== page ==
The publishers of Beethoven's Hair have placed it under strict
embargo, so we do not have a copy to review at the time of going to
press, but by all accounts it looks set to be a fantastic tale and
will be available by the time you receive this Guide. We are told
that in 1827, Ferdinand Hiller, a 15-year-old musician who was
infatuated with Beethoven, snipped a lock of the composer's hair
from his head after he had died. In 1994, 167 years later, the hair
(comprising 582 strands) turned up for sale at Sotheby's, and is
currently undergoing extensive DNA tests in Arizona in an attempt
to unlock secrets of Beethoven's health problems and perhaps even
his talent. This promises to be a gripping read. (Kirkus UK)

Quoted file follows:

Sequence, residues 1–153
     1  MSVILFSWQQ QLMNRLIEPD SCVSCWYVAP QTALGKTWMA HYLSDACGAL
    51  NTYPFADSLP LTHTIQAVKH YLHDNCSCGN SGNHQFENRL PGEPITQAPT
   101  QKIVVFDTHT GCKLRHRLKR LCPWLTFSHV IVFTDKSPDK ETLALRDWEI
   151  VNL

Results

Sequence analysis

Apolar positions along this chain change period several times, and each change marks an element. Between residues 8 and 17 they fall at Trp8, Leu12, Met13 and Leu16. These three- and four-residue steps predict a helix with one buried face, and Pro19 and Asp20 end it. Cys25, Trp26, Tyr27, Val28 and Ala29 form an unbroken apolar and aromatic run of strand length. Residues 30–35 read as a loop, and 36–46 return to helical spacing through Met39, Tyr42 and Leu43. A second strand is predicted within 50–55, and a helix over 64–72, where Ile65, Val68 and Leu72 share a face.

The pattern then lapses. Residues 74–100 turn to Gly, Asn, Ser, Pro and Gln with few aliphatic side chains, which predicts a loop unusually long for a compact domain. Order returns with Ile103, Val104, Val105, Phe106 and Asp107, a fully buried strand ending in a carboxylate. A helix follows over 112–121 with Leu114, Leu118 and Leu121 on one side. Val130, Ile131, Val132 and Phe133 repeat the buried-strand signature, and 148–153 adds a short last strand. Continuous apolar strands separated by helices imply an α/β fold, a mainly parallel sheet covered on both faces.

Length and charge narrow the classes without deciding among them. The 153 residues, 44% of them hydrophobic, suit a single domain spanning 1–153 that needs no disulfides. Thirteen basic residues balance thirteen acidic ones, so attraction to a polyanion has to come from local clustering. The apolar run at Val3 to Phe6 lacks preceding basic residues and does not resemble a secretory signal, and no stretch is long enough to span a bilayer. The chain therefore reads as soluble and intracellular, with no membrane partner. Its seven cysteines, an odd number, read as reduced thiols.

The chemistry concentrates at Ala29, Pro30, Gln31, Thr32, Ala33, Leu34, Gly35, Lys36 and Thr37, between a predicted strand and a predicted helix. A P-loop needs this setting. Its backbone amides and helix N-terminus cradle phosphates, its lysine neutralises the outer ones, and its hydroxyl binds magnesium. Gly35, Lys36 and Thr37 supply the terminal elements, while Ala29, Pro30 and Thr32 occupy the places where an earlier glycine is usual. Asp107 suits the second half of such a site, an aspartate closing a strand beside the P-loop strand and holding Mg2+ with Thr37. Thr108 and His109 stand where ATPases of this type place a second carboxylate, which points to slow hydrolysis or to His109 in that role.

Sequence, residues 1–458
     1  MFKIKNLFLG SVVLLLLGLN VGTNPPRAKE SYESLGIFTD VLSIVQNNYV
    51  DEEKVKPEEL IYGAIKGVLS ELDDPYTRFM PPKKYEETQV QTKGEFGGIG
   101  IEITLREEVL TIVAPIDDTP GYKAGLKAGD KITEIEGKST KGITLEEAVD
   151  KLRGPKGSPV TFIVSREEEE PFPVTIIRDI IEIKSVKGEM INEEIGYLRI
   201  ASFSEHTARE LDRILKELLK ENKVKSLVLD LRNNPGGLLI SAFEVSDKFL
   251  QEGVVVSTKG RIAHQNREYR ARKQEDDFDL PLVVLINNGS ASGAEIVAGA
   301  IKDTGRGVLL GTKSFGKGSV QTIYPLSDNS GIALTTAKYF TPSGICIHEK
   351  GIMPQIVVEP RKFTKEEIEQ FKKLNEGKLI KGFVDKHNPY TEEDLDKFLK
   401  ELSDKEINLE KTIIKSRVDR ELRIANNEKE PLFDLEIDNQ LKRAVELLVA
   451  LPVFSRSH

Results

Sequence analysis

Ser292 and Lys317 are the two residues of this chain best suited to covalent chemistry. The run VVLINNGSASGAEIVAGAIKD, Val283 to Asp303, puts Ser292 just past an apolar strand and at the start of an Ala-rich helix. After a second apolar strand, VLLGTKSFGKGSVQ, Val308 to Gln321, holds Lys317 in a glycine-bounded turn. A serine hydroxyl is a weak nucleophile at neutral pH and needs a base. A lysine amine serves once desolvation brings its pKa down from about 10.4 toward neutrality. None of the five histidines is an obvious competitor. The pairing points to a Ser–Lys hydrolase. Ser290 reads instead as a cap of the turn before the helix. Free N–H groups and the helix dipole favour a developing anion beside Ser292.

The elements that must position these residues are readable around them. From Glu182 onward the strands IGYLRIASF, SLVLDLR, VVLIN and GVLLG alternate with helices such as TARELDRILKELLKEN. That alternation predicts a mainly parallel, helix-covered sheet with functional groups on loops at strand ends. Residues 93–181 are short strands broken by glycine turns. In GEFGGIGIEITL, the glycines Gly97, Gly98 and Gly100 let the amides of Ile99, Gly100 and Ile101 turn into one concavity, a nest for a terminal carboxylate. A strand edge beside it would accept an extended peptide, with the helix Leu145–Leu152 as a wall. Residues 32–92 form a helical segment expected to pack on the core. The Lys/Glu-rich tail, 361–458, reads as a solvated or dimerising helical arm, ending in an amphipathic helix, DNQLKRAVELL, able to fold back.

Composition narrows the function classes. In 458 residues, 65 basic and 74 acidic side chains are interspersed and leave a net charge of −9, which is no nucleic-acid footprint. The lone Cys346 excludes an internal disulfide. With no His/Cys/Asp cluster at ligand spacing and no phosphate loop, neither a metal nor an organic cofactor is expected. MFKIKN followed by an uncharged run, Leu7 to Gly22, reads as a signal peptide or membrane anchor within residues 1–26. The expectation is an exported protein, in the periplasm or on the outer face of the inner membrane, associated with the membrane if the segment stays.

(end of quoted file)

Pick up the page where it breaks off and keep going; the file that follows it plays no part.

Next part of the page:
As Ludwig van Beethoven lay dying in 1827, a young musician named
Ferdinand Hiller came to pay his respects to the great composer. In
the days after Beethoven's death, Hiller snipped a lock of his hair
as a keepsake. This lock was passed down for more than a century
through Hiller's family, until, during World War II, it found its
way to the town of Gilleleje, in Nazi-occupied Denmark. There, it
was given to a local doctor, Kay Fremming, involved in the effort
to give aid to hundreds of frightened and hunted Jews. Who gave him
the hair, and why? And what made Dr Fremming so reticent to speak
about those terrible war years? After his death, Fremming's
daughter inherited the lock, and eventually put it up for sale at
Sotheby's, where two American Beethoven enthusiasts, Ira Brilliant
and Che Guevara, purchased it in 1994. Subsequently, they and
others have instituted DNA and other tests in the hope of revealing
the probable causes of the composer's famously bad health, his
deafness, and his final demise. This work looks at this inriguing
journey through time.
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